If you’ve liked the look of past Marantz AVRs and pre/pros, then you’ll be happy to know that the design philosophy hasn’t changed. The AV8802 has the same classy curved front panel and sparse layout, which includes a volume knob on the right, a source select knob on the left, a power on/standby button, and a simple porthole display showing the selected source and volume level. There’s a flip-down door beneath the porthole that reveals navigation and other controls along with a large traditional LCD. In addition to the plethora of discrete control buttons, there are connectors for HDMI, headphone, Audyssey mic, and auxiliary analog audio/video.
The rear panel is well laid out and accommodates 15 individual balanced and unbalanced output connections. This includes dual subwoofer outputs with XLR and RCA connections for each. These are on a single channel, but there are independent level settings for each subwoofer. Note that even with all these connections, a maximum of 11.1 independent channels may be playing at once. There are seven HDMI 2.0 inputs, three outputs (Monitor 1 with ARC, Monitor 2, and Zone 2), dual component inputs/outputs, and enough gold-plated analog inputs and outputs to satisfy most every audio need you could think of. Rounding out the features on the back panel are a moving-magnet phono input, dual antenna hookups for Wi-Fi and Bluetooth, HD Radio (AM/FM) connection, a single set of XLR balanced inputs, and a second USB input in case you want to permanently attach a storage device loaded with music and photos.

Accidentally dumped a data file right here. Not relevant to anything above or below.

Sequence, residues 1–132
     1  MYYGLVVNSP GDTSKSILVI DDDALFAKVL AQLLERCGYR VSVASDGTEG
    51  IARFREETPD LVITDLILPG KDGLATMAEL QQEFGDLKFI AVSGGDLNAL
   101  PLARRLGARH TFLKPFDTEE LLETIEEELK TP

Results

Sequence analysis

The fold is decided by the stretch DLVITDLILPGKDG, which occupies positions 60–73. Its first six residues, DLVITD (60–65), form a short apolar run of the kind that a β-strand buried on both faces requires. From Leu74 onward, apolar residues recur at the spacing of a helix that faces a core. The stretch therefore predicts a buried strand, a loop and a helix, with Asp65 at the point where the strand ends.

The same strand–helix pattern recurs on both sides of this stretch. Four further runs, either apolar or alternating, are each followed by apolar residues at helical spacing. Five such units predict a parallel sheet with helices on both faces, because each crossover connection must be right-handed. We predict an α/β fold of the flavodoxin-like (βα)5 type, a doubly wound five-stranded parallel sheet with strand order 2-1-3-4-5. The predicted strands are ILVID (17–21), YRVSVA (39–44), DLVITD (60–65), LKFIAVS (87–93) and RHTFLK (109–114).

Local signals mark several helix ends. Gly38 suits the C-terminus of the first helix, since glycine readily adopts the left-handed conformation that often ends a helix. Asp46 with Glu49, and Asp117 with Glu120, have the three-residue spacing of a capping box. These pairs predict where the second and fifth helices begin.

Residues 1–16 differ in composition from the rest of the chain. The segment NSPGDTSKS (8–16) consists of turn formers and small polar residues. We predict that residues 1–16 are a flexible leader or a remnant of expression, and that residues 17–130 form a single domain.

Video processing is handled by an Analog Devices ADV8003 chip, which performs admirably. Additionally, the AV8802 has 4K video processing with the ability to scale current sources to UHD (3840 x 2160), and while the initial units shipping into retail won’t comply with HDCP 2.2, Marantz says it will begin offering a free hardware upgrade at some undesignated point in the future in order to conform with the new copy-protection scheme (you’ll have to pay for one-way shipping). One thing I love about Marantz’s video implementation is the ability to customize the video output by source, so if you want the 1080p/24 signal from your Blu-ray player to be unprocessed but your cable/satellite signal to be upconverted to 1080p or 4K, you can make this choice in the setup menu.